Hello, everybody. Thank you for coming out today and thank you for your patience.
President Obama asked me to travel to the Central African Republic in order to do two things: first, to show the people of the Central African Republic that America cares about what is going on here; that the United States is well aware of the suffering that has gone on across the country in recent weeks and months. But, second, also, that the United States wants to determine what it can do in order to support the path of stability, the path of reconciliation, and the path, of course, of a return to democracy in this country and the path to free and fair elections. This is a really important issue to the United States government and my visit here is just one reflection of the importance that we attach to this crisis and our desire to do what we can to support the efforts being made on the ground, again, to promote stability and reconciliation.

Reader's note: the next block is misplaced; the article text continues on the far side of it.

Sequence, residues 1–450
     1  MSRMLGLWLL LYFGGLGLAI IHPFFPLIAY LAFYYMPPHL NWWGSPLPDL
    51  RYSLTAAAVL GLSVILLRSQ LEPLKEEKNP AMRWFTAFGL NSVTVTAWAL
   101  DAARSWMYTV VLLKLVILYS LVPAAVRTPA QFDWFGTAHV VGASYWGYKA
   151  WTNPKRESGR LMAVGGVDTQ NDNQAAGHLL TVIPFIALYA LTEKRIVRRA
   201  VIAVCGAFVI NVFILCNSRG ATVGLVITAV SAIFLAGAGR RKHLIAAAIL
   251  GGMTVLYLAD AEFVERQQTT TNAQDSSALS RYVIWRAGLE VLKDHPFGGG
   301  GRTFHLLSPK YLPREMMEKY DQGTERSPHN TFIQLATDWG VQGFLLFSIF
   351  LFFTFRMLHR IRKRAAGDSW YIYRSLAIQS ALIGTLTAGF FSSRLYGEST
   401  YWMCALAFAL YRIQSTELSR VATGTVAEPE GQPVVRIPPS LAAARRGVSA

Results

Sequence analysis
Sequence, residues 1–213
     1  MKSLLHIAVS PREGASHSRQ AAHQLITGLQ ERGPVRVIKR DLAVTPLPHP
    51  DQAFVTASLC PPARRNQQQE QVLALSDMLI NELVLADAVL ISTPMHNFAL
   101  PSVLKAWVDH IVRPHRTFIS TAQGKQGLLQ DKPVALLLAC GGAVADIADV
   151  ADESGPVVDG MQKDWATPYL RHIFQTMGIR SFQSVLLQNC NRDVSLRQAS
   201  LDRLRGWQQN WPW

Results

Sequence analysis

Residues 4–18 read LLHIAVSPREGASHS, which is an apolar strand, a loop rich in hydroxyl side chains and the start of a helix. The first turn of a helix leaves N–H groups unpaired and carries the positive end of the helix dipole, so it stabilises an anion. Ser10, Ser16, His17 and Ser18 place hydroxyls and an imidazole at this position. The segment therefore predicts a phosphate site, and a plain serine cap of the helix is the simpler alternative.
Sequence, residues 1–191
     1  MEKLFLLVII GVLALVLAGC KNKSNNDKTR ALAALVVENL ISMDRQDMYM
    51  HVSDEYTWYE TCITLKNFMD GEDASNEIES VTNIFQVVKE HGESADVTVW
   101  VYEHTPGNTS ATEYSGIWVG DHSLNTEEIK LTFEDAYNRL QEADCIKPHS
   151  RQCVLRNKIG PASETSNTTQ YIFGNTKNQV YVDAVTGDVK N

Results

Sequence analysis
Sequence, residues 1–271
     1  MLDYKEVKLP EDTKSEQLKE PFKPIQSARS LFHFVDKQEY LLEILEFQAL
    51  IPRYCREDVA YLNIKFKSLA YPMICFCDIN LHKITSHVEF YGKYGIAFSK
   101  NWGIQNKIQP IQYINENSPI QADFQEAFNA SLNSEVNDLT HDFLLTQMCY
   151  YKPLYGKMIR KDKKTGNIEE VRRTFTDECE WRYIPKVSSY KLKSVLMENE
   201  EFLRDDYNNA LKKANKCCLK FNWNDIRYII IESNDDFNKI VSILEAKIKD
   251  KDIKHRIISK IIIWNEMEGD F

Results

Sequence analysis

I'll just describe a little bit of what we did here today. Most recently, as you know, we met with the transitional authorities—the leaders of the transitional government—the President, the Prime Minister, and the head of the Transitional Council. In this meeting, we delivered very strong messages. The first message to all three leaders was on the importance of abiding by the Libreville and the N'djamena Accords, the importance of staging free and fair elections no later than February 2015. And, one of the things I want to convey to you is the same thing that I conveyed to the leaders: powerful people generally don't like giving up power. I think that’s probably many of your experience; certainly, my experience. It is extremely important that these powerful people—the President, the Prime Minister, and the head of the Council—have agreed to relinquish power as soon as those elections occur and they have agreed to hold those elections no later than February 2015. They reassured us of that commitment, and we in the international community intend to hold them to it. Very, very important. And we heard today from the people of Central African Republic just how important that is.